10 delicious things I ate and drank in Ireland

October 12, 2022
Ring of filo pastry filled with stir fried vegetables
Asian veg in crispy filo ring, MV Cill Airne

On the last day of our honeymoon in 2010, Mike and I stood on Dublin's Ha'Penny Bridge and promised each other we'd return to Ireland for our tenth anniversary.  A pandemic delayed our plans, so our return to Ireland marked a dozen years of marriage instead.  It was worth waiting for: history-packed cities, ruggedly beautiful coastal scenery, green fields crisscrossed by stone fences, castle ruins, pubs, sheep, and yes, plenty of delicious things to eat and drink.  Here are my favorite things I ate and drank in Ireland, from bustling spots in Dublin and Belfast to quiet cafes in rural market towns.

1. Asian veg crispy filo ring, MV Cill Airne (Dublin)

Our meal at MV Cill Airne was one of the first things we planned about our trip to Ireland—Mike bought me a gift card to the floating restaurant on the River Liffey in December 2020.  The boat (originally a tender in Cork Harbor) is home to both a casual bar and bistro and more formal restaurant, with similar menus featuring classic Irish fare and globally-inspired items.  I really enjoyed the bold flavors of the Asian vegetables in a filo pastry ring, which included a black garlic and miso dressing and pickled daikon radish.  The filo and the paper-thin slices of fried carrot added a welcome crispness, and the pickled ginger and chiles provided additional dimension.

Neapolitan-style pizza topped with fresh basil leaves and peppers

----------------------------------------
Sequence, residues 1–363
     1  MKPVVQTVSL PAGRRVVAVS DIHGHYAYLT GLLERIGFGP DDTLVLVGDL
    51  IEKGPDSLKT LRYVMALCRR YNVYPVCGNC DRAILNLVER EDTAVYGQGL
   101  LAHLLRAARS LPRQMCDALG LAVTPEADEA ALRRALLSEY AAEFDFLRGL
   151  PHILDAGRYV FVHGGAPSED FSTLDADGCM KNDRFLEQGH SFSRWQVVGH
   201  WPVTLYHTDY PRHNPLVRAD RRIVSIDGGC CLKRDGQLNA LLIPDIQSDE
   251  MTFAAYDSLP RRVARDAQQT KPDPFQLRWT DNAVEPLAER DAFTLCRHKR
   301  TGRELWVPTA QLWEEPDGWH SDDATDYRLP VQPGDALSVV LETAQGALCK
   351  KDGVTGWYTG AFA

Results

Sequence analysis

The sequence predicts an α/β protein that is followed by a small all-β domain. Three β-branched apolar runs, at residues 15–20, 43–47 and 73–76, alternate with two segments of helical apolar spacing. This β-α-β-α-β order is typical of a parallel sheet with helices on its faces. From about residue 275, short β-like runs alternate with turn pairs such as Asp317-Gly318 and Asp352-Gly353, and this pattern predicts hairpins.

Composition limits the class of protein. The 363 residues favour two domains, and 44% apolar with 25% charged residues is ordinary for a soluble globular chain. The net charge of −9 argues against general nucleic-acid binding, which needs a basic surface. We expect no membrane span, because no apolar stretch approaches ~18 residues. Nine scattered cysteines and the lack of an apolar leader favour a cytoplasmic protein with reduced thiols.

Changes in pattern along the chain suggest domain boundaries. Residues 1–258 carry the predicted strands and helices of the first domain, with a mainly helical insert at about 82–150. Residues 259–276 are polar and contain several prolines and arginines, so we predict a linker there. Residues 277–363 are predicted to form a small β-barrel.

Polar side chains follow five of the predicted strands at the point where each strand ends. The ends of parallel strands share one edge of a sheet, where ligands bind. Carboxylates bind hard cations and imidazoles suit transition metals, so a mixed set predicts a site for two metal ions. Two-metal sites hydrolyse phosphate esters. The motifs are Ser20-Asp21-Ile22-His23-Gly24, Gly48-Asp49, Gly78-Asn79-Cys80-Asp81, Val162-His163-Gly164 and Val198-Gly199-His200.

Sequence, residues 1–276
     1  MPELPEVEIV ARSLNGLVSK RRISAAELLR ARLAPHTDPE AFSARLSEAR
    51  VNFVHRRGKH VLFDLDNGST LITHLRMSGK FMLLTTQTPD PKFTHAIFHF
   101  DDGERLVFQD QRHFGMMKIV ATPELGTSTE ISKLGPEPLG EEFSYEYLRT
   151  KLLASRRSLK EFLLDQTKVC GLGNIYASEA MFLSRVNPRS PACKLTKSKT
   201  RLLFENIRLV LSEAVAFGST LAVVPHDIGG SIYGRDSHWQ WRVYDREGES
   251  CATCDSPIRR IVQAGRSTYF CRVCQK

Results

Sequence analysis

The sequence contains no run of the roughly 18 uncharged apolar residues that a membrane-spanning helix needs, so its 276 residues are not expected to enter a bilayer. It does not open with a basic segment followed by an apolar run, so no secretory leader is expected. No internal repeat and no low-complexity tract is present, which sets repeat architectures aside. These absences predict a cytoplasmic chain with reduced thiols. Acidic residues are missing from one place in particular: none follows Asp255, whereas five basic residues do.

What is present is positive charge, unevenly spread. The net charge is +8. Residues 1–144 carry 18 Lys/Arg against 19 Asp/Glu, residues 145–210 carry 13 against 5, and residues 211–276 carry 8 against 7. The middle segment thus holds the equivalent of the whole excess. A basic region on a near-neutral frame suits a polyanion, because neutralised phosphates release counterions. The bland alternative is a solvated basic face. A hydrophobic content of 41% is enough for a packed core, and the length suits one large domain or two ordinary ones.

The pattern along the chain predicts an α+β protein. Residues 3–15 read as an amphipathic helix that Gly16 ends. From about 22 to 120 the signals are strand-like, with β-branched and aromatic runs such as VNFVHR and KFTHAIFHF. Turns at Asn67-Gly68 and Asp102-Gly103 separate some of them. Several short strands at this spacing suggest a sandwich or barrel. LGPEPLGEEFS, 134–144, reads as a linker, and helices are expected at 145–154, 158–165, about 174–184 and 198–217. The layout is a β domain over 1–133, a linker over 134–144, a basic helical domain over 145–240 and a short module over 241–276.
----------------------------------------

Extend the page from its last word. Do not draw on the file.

Spicy Little Pyg, Little Pyg

2. Spicy Little Pyg, Little Pyg (Dublin)

Powerscourt Centre is the most unique shopping mall I've visited: it's housed in an elegant 18th century townhouse in the heart of Dublin, with Little Pyg, an upscale Neapolitan-style pizza restaurant, in the enclosed central courtyard.  The setting is beautiful, with lush greenery and romantic lighting, and the pizza is fabulous—the restaurant's chefs trained in Naples with a Michelin-recognized pizzaiolo.

I appreciated the variety of vegetarian pizzas on the menu and opted for the Spicy Little Pyg, topped with a San Marzano tomato sauce, di latte mozzarella and pecorino cheeses, fresh basil, Italian peppers, chili, and olive oil.  Most of the food I ate during my time in Ireland had an understated flavor profile, so I especially enjoyed the respectable heat level of the peppers.  The crust was perfectly executed, chewy with a char from the wood-fired pizza oven.